• The topic should also be moderately substantial in scope, by which I mean that if you were to print it out (as an article or a transcript for a video), it might span three to five pages, give or take. The number of steps you include depends on the nature of your task, so there is no required number, but aim for at least six or seven steps. Keep in mind that each action you want your reader to take should go in a new step, with the action expressed as the opening phrase of the step, so some steps might have very little information while others have a lot. It depends on your topic.


If you’re thinking of writing an article for wikiHow, browse the site’s 18 main categories to become familiar with the options.

Also look for topics in the community’s Requested Topics,which is a good way to ensure that you’re responding to a genuine need in the community. If none of those topics appeals to you, you might try the “I want topic suggestions” box on the Write an Article page or the How to Find a Subject to Write About article.


If you choose the format of step-by-step instructions, keep a few relevant features in mind.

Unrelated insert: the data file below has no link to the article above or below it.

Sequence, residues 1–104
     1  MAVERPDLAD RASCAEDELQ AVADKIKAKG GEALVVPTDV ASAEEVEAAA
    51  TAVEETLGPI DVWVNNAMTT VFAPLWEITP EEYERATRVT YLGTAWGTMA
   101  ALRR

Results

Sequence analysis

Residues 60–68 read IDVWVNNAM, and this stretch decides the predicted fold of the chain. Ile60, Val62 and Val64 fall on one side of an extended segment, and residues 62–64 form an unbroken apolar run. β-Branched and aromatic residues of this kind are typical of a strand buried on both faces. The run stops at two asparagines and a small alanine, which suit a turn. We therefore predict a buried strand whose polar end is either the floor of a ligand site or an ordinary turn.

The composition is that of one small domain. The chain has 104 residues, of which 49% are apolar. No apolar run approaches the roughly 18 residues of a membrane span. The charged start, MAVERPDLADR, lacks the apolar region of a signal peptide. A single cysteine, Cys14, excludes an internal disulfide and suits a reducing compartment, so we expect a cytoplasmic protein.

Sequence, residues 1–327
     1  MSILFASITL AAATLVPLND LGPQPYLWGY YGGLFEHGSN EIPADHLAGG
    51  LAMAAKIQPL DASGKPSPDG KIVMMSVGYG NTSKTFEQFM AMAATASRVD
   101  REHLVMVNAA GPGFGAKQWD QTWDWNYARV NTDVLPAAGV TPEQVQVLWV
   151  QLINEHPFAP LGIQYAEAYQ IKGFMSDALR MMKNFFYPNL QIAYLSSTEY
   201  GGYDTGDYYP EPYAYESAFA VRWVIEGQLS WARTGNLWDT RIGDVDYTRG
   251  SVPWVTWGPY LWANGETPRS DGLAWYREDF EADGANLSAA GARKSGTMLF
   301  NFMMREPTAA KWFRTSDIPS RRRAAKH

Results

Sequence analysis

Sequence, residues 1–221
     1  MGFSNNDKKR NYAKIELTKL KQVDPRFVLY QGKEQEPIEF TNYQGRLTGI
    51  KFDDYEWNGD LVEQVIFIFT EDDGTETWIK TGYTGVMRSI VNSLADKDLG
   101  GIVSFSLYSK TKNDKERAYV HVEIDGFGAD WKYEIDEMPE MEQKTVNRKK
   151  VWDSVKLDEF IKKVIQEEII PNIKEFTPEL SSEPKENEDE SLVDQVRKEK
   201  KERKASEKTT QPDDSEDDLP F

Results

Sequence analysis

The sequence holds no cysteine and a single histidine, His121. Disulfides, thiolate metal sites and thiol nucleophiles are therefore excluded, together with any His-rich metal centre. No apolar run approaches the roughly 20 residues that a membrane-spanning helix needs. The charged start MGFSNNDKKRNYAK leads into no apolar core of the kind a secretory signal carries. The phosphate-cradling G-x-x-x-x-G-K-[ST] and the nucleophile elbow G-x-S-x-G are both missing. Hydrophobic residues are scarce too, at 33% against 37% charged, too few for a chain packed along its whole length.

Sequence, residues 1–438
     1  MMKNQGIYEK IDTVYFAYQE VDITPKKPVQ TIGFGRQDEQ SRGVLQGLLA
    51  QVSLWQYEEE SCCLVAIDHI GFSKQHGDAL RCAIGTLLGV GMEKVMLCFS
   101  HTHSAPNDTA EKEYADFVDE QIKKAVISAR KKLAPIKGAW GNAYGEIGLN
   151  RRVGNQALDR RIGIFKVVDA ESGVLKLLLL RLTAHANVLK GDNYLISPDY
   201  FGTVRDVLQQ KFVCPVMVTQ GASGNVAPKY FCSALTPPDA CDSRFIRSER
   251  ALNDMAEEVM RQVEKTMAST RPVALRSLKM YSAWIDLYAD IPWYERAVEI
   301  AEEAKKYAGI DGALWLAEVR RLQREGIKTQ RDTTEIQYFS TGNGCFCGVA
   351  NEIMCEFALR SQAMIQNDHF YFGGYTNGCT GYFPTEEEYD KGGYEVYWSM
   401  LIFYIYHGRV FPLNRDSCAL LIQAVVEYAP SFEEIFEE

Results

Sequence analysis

The most important feature is that the steps should be delivered in bulleted-list language rather than in lengthy paragraphs.

Each step should open with an action phrase that describes the action the reader should take. Action phrases start with verbs, such as: Launch your web browser or Slice the bread into 1/2″ pieces or something like that. Each time you direct readers to take a new action, start a new step.

If you need to tell readers what will happen after they follow a particular step, put that information at the end of the step rather than in a new step.

Another relevant feature is the use of screen shots, diagrams, or photos to help readers visualize each step. You might also include hyperlinks to resources that would help readers better understand more complex parts of the process.

(I’ll share additional writing tips in class and on calendar entries, as needed. You should also seek out expert advice on writing the specific kind of instructions you’ve chosen from whatever sources you deem reliable.)


The final product you will deliver will include:

  • the instructions (published on the web site of your choice)
  • a short report on your user testing process
  • a rhetorical rationale (analysis of the decisions you made while composing your instructions, in light of your rhetorical situation)

You will post the user testing report and the rhetorical rationale, along with a link to your published instructions, on the class blog.